Arching a brow, Innes accepted the list and ran his eye down the contents, stifling his snort at some of the "essentials".  Essential to a Teyrna trying to obscure how protective she felt over his well-being, maybe.  Did anyone really need five blankets and three fur throws?

He carefully folded the parchment and ferreted it away into a pocket.  "Your pleasure would swiftly become your pain," he remarked, a grin tugging at the corner of his mouth.  "Her Grace expects nothing but an empty cart to be returned to her.  You would be subjected to a thorough interrogation if I sent you back with anything."  Not that Kahrin would take her ire out on the messenger - mostly - but because she would want to know precisely what Innes had said so she could argue about it with him the next time they saw one another.

Sticking his hands deep into the warm layers of his clothing, Innes jerked his head in the direction behind the cart.  "My cottage is actually out of the town.  Not far, but," his eyes rose to the darkening skies above them, "far enough that you're likely to be caught out in the dark and cold.  How about you stable the horse and cart at the inn for the evening?"  His eyes flicked back to the man.  "I can come back in the morning and you can be directly on your way once we empty the cart."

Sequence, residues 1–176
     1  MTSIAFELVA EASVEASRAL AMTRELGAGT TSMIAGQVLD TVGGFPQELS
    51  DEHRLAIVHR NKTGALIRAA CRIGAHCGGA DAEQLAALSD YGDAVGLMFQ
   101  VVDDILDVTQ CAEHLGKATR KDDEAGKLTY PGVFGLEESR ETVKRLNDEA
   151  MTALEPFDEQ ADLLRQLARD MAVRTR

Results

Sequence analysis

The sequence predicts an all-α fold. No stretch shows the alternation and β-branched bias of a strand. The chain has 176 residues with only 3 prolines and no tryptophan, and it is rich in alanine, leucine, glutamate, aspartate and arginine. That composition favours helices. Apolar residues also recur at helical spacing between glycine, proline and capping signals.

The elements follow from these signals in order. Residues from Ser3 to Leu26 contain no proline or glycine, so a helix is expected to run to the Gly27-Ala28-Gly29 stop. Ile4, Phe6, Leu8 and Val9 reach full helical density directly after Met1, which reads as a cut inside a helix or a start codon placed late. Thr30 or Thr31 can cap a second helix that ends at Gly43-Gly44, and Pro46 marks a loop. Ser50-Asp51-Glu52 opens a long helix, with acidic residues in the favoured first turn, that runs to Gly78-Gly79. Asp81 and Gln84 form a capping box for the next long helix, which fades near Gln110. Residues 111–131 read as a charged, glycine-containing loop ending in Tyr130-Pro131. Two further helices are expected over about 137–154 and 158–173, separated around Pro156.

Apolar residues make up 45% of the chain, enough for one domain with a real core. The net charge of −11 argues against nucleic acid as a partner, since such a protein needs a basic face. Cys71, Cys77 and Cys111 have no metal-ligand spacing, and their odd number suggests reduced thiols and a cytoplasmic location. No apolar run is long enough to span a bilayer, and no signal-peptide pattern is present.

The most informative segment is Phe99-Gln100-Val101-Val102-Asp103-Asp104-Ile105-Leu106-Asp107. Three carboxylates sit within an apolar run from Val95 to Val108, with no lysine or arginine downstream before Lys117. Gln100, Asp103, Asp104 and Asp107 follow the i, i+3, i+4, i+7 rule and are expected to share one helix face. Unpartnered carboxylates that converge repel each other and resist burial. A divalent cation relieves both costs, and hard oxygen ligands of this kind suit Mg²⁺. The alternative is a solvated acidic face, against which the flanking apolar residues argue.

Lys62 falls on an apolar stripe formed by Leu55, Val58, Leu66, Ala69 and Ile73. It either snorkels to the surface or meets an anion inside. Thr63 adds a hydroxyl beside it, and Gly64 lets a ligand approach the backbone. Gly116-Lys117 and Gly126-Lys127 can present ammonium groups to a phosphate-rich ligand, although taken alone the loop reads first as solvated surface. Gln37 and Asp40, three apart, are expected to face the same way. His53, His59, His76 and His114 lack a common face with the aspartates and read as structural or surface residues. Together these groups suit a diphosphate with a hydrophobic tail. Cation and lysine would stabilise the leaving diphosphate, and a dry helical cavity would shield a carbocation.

Innes rolled his shoulders in an easy shrug.  "Whatever suits you best.  I'm not sure how you've planned your time."
"Your pleasure would swiftly become your pain," he said, a quirk to the edge of his lips "Her Grace expects nothing but an empty cart to be returned to her. You would be subjected to a thorough interrogation if I sent you back with anything." 

Esper smiled a little nervously, “Really? She seemed exceptionally kind when I met with her.”

Mister Cameron motioned his head back towards where Esper had come, "My cottage is actually out of the town. Not far, but, far enough that you're likely to be caught out in the dark and cold. How about you stable the horse and cart at the inn for the evening?" He looked back to Esper, "I can come back in the morning and you can be directly on your way once we empty the cart."